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Remembering Sergey Marchenko: Internationally known geocryologist

The Geophysical Institute lost a longtime member of its permafrost team last week with the death in Fairbanks of Research Associate Professor Sergey Marchenko, a recognized leader among the world’s geocryologists.

He was 61.

Marchenko became associated with the Geophysical Institute in 2003, when he began a three-year appointment as a visiting research scholar. He became a research associate at the conclusion of that period and in 2008 became a research associate professor, a position he held at the time of his death.

The funeral for Research Associate Professor Sergey Marchenko will be at 1 p.m. on Wednesday, July 10 at the Legacy Funeral Home on 415 Illinois St. The GI community is welcome to attend. If you'd like to support Sergey's wife Gulnara during this difficult time, please visit this GoFundMe created by Dmitry Nicolsky.He was affiliated with the Geophysical Institute’s Permafrost Laboratory and Snow, Ice & Permafrost Group.

Marchenko’s speciality was in modeling and mapping permafrost, particularly in Alaska. He was also developing permafrost maps for the Tien Shan mountains, a major range in Central Asia that stretches across Kyrgyzstan, China, Kazakhstan, Uzbekistan and Tajikistan. It is known for its high peaks, glaciers and historical significance as part of the Silk Road.

He also studied permafrost of the Qinghai-Tibet Plateau, located in southwestern China. It is Earth’s highest and largest plateau and is known as the “Roof of the World.”

“Changes in permafrost lead to changes in everything — hydrogeology, topography, ecosystem, vegetation. Everything!” Marchenko said in a January 2020 Geophysical Institute news release about research he had presented a month earlier at the annual American Geophysical Union meeting in San Francisco.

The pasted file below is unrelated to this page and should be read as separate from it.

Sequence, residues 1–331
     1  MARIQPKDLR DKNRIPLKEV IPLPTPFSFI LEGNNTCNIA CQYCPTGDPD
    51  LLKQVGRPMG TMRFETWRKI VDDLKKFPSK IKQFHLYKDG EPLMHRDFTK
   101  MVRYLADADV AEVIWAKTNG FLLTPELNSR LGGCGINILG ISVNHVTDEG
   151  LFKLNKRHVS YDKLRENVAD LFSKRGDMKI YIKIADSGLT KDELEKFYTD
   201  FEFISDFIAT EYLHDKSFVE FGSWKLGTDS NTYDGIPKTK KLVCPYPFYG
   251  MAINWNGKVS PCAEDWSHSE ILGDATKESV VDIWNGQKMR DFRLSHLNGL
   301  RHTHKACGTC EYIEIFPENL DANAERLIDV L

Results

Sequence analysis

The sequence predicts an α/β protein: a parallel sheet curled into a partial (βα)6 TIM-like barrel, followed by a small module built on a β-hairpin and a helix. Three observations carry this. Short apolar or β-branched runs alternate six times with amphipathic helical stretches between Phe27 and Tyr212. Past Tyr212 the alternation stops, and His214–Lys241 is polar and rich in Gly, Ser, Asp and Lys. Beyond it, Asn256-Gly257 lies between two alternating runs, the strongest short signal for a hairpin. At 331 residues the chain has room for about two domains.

Marchenko’s research areas of interest included climate-permafrost interactions and the influence of permafrost on landform and landscape development in Arctic, sub-Arctic and mid-latitude alpine environments; mountain permafrost formation, evolution and distribution throughout the Quaternary Period and into the future; and numerical modeling of permafrost dynamics and spatial analysis. He also  developed high-performance computing models.

He authored or co-authored approximately 80 peer-reviewed publications and made more than 110 presentations at international and national events since 2003.

Professor Emeritus Vladimir Romanovsky, who retired in 2022 after 30 years as a permafrost scientist at UAF, said his former permafrost colleague had an array of skills that made him unmatched.

“He had a very good combination of knowing the subject — permafrost and its physical processes — and the skills of modeling. And that’s what he was mostly working on at the Geophysical Institute, developing permafrost models. We worked together on that. He was very good.

“He also was good in mountain permafrost, because not many people, especially in the United States, are interested in mountain permafrost,” he said. “He was very, very knowledgeable in mountain permafrost. This combination made him a unique scientist.”

Romanovsky first brought Marchenko to UAF in 2000 with an invitation to a workshop on the thermal state of permafrost. 

“It was the first international workshop on this,” Romanovsky said. “I was organizing it, and I chose him from his field of research.”